Written by: Vishnu Rajamanickam
Sustainability is the practice of satisfying present needs without endangering future generations. Recent awareness of the detrimental effects of human activity on the environment has elevated the significance of this issue. Sustainability is becoming increasingly significant to individuals, businesses, and governments. Governments are implementing policies to reduce environmental impact, while consumers demand more environmentally friendly products.
Understanding the types of emissions that contribute to a company’s or organization’s overall environmental impact is crucial as they strive to reduce their carbon footprint and meet sustainability objectives.
Scope 1 emissions are direct emissions from sources the company owns or controls, like the combustion of fossil fuels in boilers and vehicles. Indirect emissions from the generation of purchased electricity, heat, or steam are Scope 2 emissions. Scope 3 emissions consist of all other indirect emissions in a company’s value chain, such as the emissions during the production of goods and services bought by the company, employee commute emissions, and waste management.
Understanding the various types of emissions and their origins is essential for businesses to manage and reduce their carbon footprint effectively. This article will examine Scope 3 emissions, their contribution to a company’s overall carbon footprint, and the difficulties associated with measuring and reducing them.
What is Scope 3?
Scope 3 emissions, also known as indirect emissions, contribute significantly to a business’s carbon footprint. According to the Greenhouse Gas Protocol, 80 and 90% of a company’s total emissions are Scope 3. Scope 3 emissions are the indirect emissions a company’s value chain generates, such as purchasing goods and services, employee commuting, and waste. Examples of specific Scope 3 emissions include:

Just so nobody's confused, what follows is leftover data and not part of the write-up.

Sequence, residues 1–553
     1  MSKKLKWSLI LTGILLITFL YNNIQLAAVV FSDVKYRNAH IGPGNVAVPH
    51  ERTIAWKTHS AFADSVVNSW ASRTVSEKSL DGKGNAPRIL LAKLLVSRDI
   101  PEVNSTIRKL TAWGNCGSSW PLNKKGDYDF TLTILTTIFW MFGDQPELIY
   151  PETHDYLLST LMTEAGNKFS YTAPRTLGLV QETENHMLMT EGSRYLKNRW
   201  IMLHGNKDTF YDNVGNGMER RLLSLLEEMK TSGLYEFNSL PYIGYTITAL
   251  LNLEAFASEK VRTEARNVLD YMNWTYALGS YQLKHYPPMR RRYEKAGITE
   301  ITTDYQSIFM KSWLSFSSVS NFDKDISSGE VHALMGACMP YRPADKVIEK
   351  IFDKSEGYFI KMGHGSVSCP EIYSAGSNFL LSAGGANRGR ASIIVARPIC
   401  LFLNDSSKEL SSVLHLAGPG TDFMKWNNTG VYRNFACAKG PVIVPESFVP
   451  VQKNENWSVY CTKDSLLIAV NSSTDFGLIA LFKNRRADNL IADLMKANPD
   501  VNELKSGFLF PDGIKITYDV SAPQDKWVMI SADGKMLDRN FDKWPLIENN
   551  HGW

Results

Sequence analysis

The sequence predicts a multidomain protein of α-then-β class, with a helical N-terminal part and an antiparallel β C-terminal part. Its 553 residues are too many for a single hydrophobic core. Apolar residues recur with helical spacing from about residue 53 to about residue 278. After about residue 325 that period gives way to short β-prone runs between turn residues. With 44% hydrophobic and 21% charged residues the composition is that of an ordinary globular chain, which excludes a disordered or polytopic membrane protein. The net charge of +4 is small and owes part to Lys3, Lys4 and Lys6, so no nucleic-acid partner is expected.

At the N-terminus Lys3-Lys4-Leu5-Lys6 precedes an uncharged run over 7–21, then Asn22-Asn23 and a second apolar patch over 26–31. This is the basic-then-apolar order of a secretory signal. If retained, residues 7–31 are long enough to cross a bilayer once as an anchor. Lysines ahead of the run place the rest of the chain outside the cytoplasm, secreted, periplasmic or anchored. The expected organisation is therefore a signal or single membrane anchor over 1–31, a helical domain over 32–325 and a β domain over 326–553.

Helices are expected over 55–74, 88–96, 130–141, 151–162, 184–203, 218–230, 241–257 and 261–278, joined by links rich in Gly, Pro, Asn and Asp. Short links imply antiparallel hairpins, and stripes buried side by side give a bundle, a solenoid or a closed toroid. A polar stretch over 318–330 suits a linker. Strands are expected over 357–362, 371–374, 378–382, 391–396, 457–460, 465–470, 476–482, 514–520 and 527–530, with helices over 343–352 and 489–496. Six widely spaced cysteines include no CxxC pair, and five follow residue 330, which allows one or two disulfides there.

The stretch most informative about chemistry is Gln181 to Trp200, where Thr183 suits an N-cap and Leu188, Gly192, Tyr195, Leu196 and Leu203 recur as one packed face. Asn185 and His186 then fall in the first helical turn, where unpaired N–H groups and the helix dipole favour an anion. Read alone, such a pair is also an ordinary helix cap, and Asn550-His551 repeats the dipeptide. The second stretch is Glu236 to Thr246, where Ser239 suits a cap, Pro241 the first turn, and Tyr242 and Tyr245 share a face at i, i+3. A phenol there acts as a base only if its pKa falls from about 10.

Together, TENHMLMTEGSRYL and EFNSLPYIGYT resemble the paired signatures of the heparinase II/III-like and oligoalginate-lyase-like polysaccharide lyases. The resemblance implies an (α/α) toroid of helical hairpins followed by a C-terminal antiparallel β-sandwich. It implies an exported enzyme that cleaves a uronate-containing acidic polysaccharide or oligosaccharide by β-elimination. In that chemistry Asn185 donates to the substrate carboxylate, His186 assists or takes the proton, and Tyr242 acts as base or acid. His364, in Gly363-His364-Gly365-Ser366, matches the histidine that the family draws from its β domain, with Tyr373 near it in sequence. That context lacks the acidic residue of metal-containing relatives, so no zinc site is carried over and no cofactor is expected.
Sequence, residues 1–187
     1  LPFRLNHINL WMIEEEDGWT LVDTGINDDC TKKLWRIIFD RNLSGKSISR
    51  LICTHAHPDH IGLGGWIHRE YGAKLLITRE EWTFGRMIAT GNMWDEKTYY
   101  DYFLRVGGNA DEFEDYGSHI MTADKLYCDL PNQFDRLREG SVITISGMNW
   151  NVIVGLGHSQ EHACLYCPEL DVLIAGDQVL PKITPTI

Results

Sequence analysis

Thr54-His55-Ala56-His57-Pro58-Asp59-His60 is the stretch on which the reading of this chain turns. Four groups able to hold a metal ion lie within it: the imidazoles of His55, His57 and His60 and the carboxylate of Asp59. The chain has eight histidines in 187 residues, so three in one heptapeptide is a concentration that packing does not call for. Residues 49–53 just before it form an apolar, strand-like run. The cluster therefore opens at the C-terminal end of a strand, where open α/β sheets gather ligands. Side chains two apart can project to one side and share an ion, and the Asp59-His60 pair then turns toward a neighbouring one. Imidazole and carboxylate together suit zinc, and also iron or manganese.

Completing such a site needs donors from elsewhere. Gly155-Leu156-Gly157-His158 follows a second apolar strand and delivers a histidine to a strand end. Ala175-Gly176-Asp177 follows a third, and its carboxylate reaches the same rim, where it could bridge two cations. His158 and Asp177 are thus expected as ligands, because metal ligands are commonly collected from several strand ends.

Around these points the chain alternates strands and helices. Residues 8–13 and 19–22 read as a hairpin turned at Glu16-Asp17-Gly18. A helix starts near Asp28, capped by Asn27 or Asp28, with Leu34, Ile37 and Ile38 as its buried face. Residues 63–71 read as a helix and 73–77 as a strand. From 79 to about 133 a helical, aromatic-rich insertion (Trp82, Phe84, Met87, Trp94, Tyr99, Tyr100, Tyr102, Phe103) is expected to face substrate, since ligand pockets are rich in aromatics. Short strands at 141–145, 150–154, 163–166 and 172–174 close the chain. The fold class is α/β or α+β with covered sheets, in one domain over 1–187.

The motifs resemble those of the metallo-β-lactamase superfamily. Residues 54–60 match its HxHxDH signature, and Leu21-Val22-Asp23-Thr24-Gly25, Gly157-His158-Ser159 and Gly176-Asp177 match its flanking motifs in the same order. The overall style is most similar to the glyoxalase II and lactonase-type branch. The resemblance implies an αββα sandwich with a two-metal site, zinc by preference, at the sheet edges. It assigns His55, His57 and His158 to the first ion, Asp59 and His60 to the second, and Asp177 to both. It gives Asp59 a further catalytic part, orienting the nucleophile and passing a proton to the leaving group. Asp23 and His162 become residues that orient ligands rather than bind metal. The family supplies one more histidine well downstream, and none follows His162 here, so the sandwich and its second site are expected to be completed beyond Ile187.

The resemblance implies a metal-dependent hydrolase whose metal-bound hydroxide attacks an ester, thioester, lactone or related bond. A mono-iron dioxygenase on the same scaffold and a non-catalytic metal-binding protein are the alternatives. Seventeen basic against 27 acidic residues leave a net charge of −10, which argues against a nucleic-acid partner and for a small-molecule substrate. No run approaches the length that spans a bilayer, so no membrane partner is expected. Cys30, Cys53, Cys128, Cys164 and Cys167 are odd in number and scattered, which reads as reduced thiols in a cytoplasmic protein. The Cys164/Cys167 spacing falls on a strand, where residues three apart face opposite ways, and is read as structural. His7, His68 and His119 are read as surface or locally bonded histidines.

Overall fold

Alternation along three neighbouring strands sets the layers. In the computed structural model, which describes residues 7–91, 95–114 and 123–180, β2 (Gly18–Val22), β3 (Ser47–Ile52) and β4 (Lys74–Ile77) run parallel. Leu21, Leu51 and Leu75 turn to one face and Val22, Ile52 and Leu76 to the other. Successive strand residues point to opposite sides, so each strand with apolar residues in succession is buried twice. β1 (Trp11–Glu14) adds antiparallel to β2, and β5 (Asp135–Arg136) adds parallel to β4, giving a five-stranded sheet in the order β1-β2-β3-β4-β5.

- Upstream emissions from the extraction, production, and transport of raw materials and products
- Downstream emissions from the use, disposal, or recycling of a company’s products
- Emissions from the consumption of purchased electricity, heat, steam, or employee commuting
- Emissions from the disposal of waste and the treatment of wastewater
- Emissions from the use of a company’s products by customers
Broadly, Scope 3 emissions can be divided into three categories:
- value chain
- use of products and services
- and end-of-life product treatment
According to a report by the Carbon Trust, the most significant contributors to Scope 3 emissions are typically those in the value chain category, such as the procurement of goods and services and the transportation of raw materials and products.
Understanding and measuring Scope 3 emissions is crucial for companies seeking to reduce their carbon footprint and meet sustainability goals. The following section will examine the challenges and obstacles associated with measuring and reducing Scope 3 emissions.
Why is Scope 3 a Problem?
Scope 3 emissions pose a significant obstacle for businesses attempting to reduce their carbon footprint and achieve their sustainability objectives.
Controlling and reducing Scope 3 emissions is one of the most significant obstacles to addressing them. Unlike Scope 1 and 2 emissions that are directly produced and regulated by the company, Scope 3 emissions occur within the company’s value chain and can be challenging to track and measure. For instance, emissions from the production of purchased goods and services may occur in multiple locations and be managed by various companies, making it difficult for a single company to implement and enforce emissions reduction measures.